Capital Gains Tax

Probate and CGT liability

This tax applies when the Personal Representative decides to sell capital assets from the estate. It also applies when someone inherits assets from the deceased’s estate and then decides to sell or dispose of the property. In this case the person will have to deduce the capital gain or loss.

Chargeable gain is when an asset is sold, disposed, given away or exchanged and its value has increased since it was acquired.  The Capital Gains tax is the charge on the increase of its value in the time period it was owned, not the asset itself.

When the Personal Representative takes control of the assets of the deceased, it is considered that they gained control of them at the market value at the date of the deceased’s death. However when an asset is inherited to a beneficiary through a will or intestacy, it does not fall under Capital Gains tax.

If the Personal Representative needs to sell assets from the estate to settle debts, pay Inheritance tax or give cash to beneficiaries, they will have to declare any chargeable gains you realise on estate assets. This will be paid out of estate funds. Capital Gains tax is applicable on capital gains on estate assets during the administration, and is charged at a rate of 18%.

When you take control of the deceased's assets, they are treated as if you had acquired them at their market value at the date of death.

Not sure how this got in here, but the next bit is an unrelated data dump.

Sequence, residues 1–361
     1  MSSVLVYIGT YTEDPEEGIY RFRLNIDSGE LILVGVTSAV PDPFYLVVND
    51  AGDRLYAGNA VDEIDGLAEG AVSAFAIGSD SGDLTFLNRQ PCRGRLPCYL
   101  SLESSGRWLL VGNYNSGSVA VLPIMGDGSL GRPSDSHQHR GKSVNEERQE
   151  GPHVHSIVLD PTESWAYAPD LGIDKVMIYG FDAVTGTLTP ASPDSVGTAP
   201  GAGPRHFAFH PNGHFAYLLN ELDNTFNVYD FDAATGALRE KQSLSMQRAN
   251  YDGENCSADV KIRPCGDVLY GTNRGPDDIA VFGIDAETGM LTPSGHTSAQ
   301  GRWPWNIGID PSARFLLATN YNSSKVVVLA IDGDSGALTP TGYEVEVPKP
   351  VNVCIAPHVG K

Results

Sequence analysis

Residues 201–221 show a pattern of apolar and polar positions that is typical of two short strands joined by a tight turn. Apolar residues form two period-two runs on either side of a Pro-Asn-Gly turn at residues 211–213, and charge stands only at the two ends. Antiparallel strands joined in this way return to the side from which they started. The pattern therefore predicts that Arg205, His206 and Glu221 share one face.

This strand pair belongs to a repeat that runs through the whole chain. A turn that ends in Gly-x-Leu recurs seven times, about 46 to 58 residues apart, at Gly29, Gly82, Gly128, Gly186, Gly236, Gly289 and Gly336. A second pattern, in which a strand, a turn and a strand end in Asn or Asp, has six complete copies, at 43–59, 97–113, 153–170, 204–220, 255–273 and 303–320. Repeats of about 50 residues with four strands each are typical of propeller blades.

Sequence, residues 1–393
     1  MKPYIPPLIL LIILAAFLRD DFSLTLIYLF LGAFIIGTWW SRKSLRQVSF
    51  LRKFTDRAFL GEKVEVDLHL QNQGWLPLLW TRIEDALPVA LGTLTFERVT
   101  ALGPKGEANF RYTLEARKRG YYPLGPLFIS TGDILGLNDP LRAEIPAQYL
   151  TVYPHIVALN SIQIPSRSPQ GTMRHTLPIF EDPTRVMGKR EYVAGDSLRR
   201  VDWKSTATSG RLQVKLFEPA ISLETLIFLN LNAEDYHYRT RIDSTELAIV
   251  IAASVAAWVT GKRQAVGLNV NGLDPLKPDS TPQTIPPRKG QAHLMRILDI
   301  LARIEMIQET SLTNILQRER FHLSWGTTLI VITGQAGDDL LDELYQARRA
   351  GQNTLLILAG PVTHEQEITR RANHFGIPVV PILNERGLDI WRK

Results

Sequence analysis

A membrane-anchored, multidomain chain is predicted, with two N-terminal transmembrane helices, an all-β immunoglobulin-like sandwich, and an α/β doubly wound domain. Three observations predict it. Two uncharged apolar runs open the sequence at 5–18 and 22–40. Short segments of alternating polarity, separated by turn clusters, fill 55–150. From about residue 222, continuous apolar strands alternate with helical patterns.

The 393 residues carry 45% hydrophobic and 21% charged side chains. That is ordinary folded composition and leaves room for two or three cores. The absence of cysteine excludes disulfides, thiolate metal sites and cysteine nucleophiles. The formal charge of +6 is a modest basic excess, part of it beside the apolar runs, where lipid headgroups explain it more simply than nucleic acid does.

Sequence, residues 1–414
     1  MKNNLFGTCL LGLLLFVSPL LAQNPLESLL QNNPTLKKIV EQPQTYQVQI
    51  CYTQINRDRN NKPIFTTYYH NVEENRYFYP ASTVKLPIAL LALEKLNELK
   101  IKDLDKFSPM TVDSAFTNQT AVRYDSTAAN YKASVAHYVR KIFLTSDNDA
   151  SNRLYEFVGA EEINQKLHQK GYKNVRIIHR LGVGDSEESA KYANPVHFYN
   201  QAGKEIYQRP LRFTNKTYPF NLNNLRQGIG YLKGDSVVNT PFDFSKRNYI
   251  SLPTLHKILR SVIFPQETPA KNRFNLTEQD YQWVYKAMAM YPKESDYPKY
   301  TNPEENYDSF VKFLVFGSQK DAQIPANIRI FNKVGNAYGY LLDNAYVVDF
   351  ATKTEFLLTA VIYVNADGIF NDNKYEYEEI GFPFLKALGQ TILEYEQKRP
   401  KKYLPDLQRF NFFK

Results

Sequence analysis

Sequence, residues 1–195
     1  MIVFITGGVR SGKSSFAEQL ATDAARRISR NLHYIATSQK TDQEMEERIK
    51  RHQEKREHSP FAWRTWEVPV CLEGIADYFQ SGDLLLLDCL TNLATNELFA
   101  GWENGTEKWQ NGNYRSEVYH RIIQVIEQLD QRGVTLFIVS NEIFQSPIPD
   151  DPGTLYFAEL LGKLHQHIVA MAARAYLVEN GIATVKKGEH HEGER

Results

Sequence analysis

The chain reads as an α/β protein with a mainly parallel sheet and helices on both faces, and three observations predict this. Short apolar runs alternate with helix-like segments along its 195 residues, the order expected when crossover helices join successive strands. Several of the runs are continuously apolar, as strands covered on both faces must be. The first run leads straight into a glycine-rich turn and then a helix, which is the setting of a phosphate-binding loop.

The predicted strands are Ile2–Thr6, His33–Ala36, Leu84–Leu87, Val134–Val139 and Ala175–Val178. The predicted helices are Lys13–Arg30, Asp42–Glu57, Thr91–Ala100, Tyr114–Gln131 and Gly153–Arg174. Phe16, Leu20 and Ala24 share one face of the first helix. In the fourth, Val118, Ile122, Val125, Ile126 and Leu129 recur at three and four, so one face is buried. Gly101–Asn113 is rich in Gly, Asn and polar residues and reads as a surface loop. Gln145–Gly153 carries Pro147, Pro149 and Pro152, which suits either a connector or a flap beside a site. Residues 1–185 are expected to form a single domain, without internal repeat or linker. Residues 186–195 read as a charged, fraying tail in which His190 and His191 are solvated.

When you transfer an asset to a beneficiary under the will or under the rules of intestacy, you are not treated as disposing of it for Capital Gains Tax purposes. You have no chargeable gain or allowable loss on that disposal. Instead, the beneficiary is treated as if they had acquired the asset on the date of death, at its market value on that date.

Sometimes you may need to sell assets during your period as Personal Representative, for example, to raise money to pay Inheritance Tax or to settle cash legacies. If so, you will have to declare any chargeable gains you realise on estate assets, and pay Capital Gains Tax out of estate funds. Capital Gains Tax is chargeable on the personal representative only on gains arising on estate assets during the period of administration. The rate of Capital Gains Tax on personal representatives is 18 per cent for 2008-09.

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